diverse enough to invite you to the party
Inclusive enough to ask you all to dance
Did you know?
Research shows that aging adults who participated in some sort of dance regularly were 76% less likely to develop dementia.
Dance provides the benefits of
Aerobic activity, which helps decrease your risk of depression and other chronic diseases.
Incorporating choreography and music into your exercise triggers memory and forces split-second decision making.
Exercising these parts of your brain creates new neural pathways, making for a sharper and happier mind.
Not available at the moment
due to Covid 19
Silver Tea Dances
or Silver Seated Exercise Session
rest home, nursing home, community centre
These dances are tailored to be fun even if you not able to stand up and dance, with music that's both vintage to trigger memories and new to get the cognitive juices flowing.
It costs a home or community group £25 to have Pro Dance Services run a 60 minute Silver Tea Dance or Silver Seated Exercise Session.
This pays for PPL licence, insurance, PPE, Instructors fee & petrol.
Help them get a free session by donating to our academy
PDS through Bootle Dance Academy, Elite teacher training Academy in general is a Dementia Friends.
We wondered if you to would like to become a dementia friend too? It only take a few minutes and cost you nothing. All you need to do is click the button below and watch a video on dementia. You will need to enter this code pro21020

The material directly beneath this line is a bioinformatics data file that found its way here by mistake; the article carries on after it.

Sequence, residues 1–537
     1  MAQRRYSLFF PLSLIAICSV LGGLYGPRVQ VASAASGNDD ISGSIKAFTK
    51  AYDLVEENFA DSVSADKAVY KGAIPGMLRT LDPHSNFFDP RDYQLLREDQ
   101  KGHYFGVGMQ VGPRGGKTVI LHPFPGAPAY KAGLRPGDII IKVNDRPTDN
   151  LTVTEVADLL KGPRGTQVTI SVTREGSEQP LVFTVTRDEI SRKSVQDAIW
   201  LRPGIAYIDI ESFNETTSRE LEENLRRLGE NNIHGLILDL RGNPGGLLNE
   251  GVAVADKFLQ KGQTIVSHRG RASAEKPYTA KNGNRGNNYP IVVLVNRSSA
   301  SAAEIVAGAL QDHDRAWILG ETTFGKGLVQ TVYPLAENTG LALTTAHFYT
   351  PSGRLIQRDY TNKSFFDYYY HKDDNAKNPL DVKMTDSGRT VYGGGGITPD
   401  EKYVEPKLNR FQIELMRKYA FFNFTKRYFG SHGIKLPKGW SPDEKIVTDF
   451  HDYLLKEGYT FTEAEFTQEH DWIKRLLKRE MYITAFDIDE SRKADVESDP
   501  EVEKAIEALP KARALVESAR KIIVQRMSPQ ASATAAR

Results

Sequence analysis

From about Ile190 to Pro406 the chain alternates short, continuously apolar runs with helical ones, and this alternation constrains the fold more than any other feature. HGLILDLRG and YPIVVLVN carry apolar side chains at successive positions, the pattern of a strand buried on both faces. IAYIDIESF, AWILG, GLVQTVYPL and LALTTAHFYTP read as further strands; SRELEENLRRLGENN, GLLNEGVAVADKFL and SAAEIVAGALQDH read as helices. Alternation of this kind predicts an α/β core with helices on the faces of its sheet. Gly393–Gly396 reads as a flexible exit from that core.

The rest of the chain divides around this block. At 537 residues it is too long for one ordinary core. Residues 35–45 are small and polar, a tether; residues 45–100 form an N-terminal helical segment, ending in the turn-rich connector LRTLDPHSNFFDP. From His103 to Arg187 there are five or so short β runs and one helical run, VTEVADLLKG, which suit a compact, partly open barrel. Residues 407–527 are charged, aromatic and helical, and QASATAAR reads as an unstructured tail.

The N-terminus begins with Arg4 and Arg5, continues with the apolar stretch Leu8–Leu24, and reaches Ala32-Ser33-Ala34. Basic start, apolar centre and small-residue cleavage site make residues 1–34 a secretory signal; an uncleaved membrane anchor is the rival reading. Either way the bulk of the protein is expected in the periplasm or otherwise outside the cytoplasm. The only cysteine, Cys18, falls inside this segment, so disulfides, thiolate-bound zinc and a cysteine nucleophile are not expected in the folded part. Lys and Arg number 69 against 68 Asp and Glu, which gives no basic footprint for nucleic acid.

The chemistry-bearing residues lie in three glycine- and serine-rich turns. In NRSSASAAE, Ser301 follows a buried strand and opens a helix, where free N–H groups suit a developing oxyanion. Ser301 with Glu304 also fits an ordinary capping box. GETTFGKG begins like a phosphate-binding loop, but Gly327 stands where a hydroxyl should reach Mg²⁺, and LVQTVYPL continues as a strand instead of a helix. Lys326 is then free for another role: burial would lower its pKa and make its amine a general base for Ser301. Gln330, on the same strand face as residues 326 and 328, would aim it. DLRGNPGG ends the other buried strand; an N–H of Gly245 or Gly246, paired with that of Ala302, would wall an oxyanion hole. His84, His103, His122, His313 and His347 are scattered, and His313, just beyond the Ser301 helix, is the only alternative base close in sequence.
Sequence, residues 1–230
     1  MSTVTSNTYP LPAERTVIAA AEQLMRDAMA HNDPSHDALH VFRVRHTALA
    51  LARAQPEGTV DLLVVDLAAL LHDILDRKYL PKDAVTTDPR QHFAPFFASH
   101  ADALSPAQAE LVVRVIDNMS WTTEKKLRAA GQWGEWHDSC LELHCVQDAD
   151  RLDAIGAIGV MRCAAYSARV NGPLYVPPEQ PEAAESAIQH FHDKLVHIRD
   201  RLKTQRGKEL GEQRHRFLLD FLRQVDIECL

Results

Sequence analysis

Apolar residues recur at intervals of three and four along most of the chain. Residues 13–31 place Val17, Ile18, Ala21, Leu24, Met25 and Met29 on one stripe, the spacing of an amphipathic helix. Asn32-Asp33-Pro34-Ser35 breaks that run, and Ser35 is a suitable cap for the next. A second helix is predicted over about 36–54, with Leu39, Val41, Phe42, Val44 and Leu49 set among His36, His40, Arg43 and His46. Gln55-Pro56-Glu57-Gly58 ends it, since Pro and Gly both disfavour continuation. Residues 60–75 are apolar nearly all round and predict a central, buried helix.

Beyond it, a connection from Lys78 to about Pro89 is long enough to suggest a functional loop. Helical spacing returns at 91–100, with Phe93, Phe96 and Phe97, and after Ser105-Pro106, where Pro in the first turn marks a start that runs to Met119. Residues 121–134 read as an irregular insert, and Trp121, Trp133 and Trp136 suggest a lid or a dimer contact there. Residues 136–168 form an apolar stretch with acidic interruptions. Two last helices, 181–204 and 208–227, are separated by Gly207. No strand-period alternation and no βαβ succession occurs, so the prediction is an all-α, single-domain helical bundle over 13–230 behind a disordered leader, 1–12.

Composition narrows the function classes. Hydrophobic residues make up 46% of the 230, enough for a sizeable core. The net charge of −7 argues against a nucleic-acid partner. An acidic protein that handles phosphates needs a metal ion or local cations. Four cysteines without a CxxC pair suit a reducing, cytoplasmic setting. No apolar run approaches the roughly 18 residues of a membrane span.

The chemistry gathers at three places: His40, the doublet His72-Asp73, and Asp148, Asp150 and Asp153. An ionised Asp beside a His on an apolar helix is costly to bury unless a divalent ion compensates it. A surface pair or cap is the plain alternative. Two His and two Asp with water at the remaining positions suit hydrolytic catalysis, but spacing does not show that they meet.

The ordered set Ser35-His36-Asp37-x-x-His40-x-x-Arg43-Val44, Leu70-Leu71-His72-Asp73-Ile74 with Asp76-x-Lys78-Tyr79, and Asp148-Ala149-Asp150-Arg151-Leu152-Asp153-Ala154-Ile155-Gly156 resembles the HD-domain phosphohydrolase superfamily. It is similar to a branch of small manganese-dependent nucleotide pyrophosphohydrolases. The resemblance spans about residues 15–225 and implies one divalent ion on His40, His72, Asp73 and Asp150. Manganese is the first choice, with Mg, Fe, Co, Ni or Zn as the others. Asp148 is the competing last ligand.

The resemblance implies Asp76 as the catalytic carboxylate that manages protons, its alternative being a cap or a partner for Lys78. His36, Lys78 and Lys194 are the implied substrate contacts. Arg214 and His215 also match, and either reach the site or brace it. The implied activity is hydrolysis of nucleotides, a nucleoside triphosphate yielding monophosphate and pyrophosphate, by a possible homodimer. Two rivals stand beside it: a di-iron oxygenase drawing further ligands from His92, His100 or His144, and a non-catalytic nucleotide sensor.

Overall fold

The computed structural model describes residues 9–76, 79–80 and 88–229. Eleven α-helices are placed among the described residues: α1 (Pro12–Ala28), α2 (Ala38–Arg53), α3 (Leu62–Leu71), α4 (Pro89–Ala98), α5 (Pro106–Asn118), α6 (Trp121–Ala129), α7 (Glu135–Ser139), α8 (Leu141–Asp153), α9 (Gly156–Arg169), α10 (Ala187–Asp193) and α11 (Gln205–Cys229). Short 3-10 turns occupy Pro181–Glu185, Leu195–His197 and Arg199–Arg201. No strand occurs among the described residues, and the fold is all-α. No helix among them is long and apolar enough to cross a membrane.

If you can watch with family all the better add the number of people watching that video with you.
Then you to can say your a Dementia Friend, what's more you will understand dementia a bit better.
MY work with Disabilities and Dementia (through JLC Dance ) in particular has been recognised and written about in the book “The Unlikely Dancer” by Hazel Rae Minnick, as well as having articles in the IDTA Magazine and local newspaper..
Working closely with Blackpool Victoria Hospital I helped run a number of events to promote dementia awareness. And have run “Silver Tea Dances” and “Seated Dance Sessions” for people with disabilities, especially those suffering from Dementia for most of my career, working with both Lancashire and Blackpool Councils.
I am pictured here second left with a number of my dancers and Alzheimer’s Ambassador Anne Nolan. (of the Nolan sisters)
What is a memory?
What is a memory? But snapshot of time,
A photograph stored, like a vintage wine.
What is a memory? It's where we pine,
It's heartache, or laughter, and solace of kind.
What is a memory? It's the past all signed,
A lifetime in pictures, our future to find.
So that is a memory, but what is its point?
It's our life, our self, our soul, and our mind,
That because of dementia, some can not find.
by Janet Bosson